This time I’m looking at three recent debut novels.
Harriet Lane, Alys, Always (2012)
Life is not particularly going anywhere for Frances Thorpe – a sub-editor on the literary desk of a London newspaper – until she’s driving home one day after visiting her parents, and comes across a crashed car. She calls the emergency services, but the woman in the car dies at the scene; Frances bears the incident no more mind until she discovers that the dead woman, Alys, was married to a celebrated novelist, Laurence Kyte. When the opportunity arises for Frances (as the last person to be with Alys) to meet the Kyte family, she grabs it eagerly – and she’ll happily twist the truth, if it gets her into their circles.
Alys, Always is a short, snappy read which gains much of its effect from the uncertainty over just how far Frances is prepared to go; even after finishing the book, I can’t decide how much she might have planned or anticipated what happens. In addition to the main thread concerning Frances’s relationship with the Kytes, the newspaper-set scenes are amusingly satirical; and the two come together satisfyingly in the way that Frances’s exaggerations and deceptions mirror (albeit on a larger scale and with more serious consequences) her experiences at work.
Penny Hancock, Tideline (2012)
It starts with a knock on the door: forty-something Sonia welcomes in Jez, her friend Helen’s fifteen-year-old nephew; he’s come to borrow a CD, but Sonia has other ideas – she is infatuated with Jez, spikes his drink to make him pass out, then resolves to keep him hidden away for herself.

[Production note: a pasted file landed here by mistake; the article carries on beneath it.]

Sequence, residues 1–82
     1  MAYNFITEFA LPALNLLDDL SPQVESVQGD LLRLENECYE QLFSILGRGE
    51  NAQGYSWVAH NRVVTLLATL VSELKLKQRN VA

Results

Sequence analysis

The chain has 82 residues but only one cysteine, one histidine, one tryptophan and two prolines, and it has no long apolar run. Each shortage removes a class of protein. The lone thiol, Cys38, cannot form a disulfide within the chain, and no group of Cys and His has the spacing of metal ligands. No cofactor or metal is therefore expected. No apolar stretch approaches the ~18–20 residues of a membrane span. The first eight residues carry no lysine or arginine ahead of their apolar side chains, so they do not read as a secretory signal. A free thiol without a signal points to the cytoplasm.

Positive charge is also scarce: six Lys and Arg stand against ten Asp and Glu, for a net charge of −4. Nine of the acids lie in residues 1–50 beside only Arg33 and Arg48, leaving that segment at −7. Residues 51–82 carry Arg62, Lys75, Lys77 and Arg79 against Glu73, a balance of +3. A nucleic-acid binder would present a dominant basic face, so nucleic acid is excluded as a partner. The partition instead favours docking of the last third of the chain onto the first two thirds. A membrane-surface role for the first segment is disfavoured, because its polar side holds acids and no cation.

Tideline stands or falls first of all on its ability to convince that Sonia could realistically hold Jez captive for several days; and it does so – Jez is a trusting boy with a protected existence; Sonia repeatedly feeds him her mother’s sleeping pills – the situation is unlikely, but Sonia is able to get away with it for precisely that reason. Penny Hancock also constructs believable reasons for Sonia’s behaviour: we see that the protagonist views Jez as a replacement for both Seb (a boy with whom she was smitten as a teenager) and her grown-up daughter, Kit.
With the situation thus established, the tension ratchets up, as Sonia resorts to ever more desperate measures to retain control. The status quo can’t last, of course; but exactly how and when circumstances will change is uncertain, and the journey to that point (and beyond) is thrilling.
Terri Armstrong, Standing Water (2012)
When his mother dies, Dom Connor returns to Australia, where he faces an awkward reunion with his brother Neal (who stayed on the family farm, and whose physicality stands in sharp contrast to the more intellectual Dom), and Neal’s wife Hester (a city girl who seems to Dom an unlikely match for her husband, though she has her reasons for being and staying with him). Shortly after, along comes Dom’s childhood friend Andy Bohan, a junkie who has left the city determined to get clean – and so begins the transformation of their lives.
Armstrong makes good use of setting in Standing Water, evoking the harshness of the landscape, and using the decline of Dom’s home town to reflect the state of the characters’ relationships. The author also observes clearly how her characters change: all three protagonists (Dom, Hester, and Andy) must reach beyond themselves to move their lives on.
The publisher, Pewter Rose Press